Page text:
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Can the world’s richest doctor kill the Kardex?

The 62-year-old is the richest doctor in the history of the world, with an estimated fortune of more than $12 billion (a mere €11.7 billion) and just to confirm that he’s not shy about confronting the toughest of opponents, he is now taking on ‘the big C’.

Dr Soon-Shiong let Forbes into his sprawling, futuristic LA headquarters at the end of last year. From there he controls 800 employees and it has mock-ups of futuristic hospital rooms and a control centre that allows a small group of doctors to monitor hundreds of patients — even when they are at home.

He’s all about getting more information faster and making it more accessible. His innovations include a patch that measures the patient’s heart rate, blood pressure and temperature, feeding the information to a device called a HBox, which connects all of his devices to a computer network.

The plan is for the cancer patient to arrive at hospital and every aspect of their physiology, including proteins and DNA, would be analysed via a high-speed network and all data collated in real time.

Minutes later, the computer recommends the appropriate drug but this technology also follows the patient home — doctors can monitor the patient remotely. Hospital administrators can compare costs and efficacy of treatments across the entire country via a single network.

There’s also a programme that allows MRIs and CAT scans to be viewed on mobile devices and an $80 pill bottle called the GlowCap that lights up when the patients need to take their medication — and even tells doctors when they are opening the cap.

Dr Soon-Shiong said his “amalgamated supercomputer” system can perform a complete genomics analysis in 47 seconds, in which time it can also identify individual proteins that indicate the right drug treatment. He also said his system can analyse 500 genomes a day and by the end of this year, this will rise to 4,000 a day, with all this data transferred to hospitals instantaneously.

He plans to sequence the whole genome of the cancer patient, the entire genome of the cancer itself and the RNA within three days. But he has his detractors. “Unfortunately, when you go outside the accepted conventional bounds, some people feel threatened and strike out,” he said. “Fortunately, the strong persevere — and not just me — and we have a better world for it. If they didn’t, a lot of the advances in healthcare, science and technology would never be achieved.”

And he’s tough enough to take the criticism. When he graduated from medical school, aged just 22, he worked in apartheid-era South Africa and his first patient was an Afrikaner who refused to let Dr Soon-Shiong even touch him.

He persisted and after Dr Soon-Shiong had drained the patient’s infected sinus, the Afrikaner announced loudly to other patients: “That Chinaman — make sure you get him to examine you.”

Perhaps the days of the Kardex are finally numbered.

Waste not…

Some hardy researchers in the US have looked at the sewage systems in various cities and found that their contents may hold clues about the link between certain gut bacteria and obesity.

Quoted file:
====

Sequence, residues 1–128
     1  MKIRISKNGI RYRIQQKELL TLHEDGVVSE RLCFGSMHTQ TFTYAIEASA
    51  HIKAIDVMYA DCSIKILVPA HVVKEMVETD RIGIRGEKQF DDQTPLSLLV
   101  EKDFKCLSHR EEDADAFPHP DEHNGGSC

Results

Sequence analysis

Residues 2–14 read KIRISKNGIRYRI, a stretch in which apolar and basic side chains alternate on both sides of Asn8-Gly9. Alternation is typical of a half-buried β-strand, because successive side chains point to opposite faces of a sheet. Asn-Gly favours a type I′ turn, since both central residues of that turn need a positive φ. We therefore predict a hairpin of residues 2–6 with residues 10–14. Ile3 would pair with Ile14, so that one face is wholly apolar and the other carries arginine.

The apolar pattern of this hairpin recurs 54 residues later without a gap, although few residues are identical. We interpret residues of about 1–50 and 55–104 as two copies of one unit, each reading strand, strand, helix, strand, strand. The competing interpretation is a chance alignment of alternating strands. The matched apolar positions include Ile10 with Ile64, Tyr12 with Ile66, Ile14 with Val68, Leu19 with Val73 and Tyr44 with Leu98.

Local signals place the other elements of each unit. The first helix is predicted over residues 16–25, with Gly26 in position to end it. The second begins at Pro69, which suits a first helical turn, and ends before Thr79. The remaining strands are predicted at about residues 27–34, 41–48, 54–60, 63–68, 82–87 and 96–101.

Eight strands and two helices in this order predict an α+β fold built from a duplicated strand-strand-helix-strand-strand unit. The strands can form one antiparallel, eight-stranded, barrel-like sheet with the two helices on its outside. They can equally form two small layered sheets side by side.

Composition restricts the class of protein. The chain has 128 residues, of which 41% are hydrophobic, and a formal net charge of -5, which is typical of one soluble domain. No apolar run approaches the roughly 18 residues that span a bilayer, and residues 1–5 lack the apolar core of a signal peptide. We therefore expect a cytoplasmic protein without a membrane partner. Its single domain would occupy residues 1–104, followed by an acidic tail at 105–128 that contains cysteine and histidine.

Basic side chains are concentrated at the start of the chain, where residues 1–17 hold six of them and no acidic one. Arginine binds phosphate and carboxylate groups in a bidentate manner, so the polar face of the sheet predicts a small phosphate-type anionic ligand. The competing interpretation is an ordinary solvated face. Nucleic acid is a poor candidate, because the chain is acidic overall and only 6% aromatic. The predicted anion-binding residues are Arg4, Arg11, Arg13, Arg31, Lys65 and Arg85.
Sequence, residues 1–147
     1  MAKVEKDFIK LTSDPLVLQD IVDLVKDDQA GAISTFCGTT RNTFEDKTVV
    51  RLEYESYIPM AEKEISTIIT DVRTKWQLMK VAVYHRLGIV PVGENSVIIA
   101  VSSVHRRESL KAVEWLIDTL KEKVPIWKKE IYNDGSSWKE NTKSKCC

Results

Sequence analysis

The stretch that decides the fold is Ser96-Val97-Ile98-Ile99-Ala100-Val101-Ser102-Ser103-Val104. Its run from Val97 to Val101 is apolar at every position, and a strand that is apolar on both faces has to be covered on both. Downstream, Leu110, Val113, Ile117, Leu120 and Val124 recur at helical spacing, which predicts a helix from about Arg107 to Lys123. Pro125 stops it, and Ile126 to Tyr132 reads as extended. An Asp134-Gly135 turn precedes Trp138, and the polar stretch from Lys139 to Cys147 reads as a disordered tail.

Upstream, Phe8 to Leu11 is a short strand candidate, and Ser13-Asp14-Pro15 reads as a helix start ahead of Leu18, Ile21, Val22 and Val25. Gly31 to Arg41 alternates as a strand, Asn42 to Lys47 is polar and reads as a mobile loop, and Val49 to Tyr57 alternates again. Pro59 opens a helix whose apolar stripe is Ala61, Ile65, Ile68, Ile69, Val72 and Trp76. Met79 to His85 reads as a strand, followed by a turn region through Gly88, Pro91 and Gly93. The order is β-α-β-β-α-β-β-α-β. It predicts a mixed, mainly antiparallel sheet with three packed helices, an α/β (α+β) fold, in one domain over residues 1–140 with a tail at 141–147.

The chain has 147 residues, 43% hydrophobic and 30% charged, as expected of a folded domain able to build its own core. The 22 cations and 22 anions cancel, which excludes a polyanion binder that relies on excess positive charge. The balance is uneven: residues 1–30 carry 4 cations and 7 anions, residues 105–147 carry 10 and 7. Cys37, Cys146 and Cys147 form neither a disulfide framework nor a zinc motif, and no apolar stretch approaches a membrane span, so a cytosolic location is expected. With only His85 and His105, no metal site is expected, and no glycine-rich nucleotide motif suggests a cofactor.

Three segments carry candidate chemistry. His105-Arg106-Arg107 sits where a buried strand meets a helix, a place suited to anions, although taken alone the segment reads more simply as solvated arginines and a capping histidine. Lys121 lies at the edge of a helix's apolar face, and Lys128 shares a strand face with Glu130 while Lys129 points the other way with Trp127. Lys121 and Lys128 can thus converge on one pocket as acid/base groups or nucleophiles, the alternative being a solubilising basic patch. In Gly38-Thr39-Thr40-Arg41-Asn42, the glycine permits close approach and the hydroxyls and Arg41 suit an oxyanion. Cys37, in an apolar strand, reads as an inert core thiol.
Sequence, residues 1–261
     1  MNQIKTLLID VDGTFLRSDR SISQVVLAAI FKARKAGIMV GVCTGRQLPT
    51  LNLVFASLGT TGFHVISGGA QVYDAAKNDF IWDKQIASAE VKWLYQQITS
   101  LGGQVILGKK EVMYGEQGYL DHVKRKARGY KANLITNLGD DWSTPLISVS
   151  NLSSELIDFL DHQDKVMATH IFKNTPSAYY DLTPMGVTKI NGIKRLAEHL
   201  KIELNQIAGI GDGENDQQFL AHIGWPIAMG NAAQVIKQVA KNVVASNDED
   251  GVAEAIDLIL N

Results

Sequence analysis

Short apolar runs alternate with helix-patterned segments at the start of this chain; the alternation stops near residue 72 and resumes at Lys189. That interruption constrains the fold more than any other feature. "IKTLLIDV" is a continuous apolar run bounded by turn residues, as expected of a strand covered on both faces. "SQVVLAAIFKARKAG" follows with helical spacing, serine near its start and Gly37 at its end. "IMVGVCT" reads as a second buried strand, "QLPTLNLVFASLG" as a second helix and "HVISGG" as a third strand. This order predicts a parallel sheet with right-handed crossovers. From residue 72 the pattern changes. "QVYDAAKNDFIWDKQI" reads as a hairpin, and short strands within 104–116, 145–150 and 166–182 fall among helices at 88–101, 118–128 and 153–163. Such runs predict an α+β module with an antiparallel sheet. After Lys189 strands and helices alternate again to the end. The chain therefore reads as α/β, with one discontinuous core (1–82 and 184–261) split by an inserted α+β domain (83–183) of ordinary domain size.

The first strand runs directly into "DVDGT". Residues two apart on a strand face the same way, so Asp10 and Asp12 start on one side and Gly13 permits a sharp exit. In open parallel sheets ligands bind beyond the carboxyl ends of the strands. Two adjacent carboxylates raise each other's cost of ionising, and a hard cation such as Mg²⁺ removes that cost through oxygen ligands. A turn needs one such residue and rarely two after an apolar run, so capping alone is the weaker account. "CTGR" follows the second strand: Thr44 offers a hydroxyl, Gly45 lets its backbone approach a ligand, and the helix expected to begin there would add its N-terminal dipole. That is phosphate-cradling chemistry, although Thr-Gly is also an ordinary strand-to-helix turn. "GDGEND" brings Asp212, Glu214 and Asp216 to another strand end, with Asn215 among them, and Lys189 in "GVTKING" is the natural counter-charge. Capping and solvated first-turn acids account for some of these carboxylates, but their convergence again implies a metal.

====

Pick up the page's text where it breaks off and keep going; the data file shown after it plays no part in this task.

Dr Sandra McLellan of the University of Wisconsin-Milwaulkee and colleagues collected samples from sewage treatment plants in 71 different US cities and found that bacteria such as bacteroidaceae were more present in locations known to have higher obesity rates.

The areas they studied varied greatly in terms of obesity rates — for example St Joseph, Missouri, has an obesity rate of 37.4 per cent, while in Steamboat Springs, Colorado, the rate is 13.5 per cent.

Their analysis allowed them to predict whether a city had an obesity problem with 80-to-90 per cent accuracy.

“Dr McLellan told Inside Science: “With a random sampling of a million people, we can start to look for trends in how human populations might be different in their microbiomes, according to their demographics.

“If we had a city with a higher percentage of obese people [in the study], we would see a higher percentage of the kinds of bacteria associated with obesity.”

Driven to distraction

Those of you who have worked with RTA patients or insurance companies may empathise with a colleague who sent me some direct quotes from motor insurance claims.

  • “I started to slow down but the traffic was more stationary than I thought.”
  • “I pulled into a lay-by with smoke coming out under the hood. I realised the car was on fire so took my dog and smothered it with a blanket.”
  • “I didn’t think the speed limit applied after midnight.”
  • “I was going to work at 7am and drove out of my drive and straight into a bus. The bus was five minutes early.”
  • “The car in front hit a pedestrian but he got up so I hit him again.”
  • “I saw a slow-moving, sad-faced old gentleman as he bounced off the roof of my car.”
  • “The pedestrian ran for the pavement, but I got him.”
  • “I bumped into a lamp-post which was obscured by human beings.”
  • “I was on my way to the doctor with rear-end trouble when my universal joint gave way, causing me to have an accident.”
  • “I pulled away from the side of the road, glanced at my mother-in-law, and headed over the embankment.”

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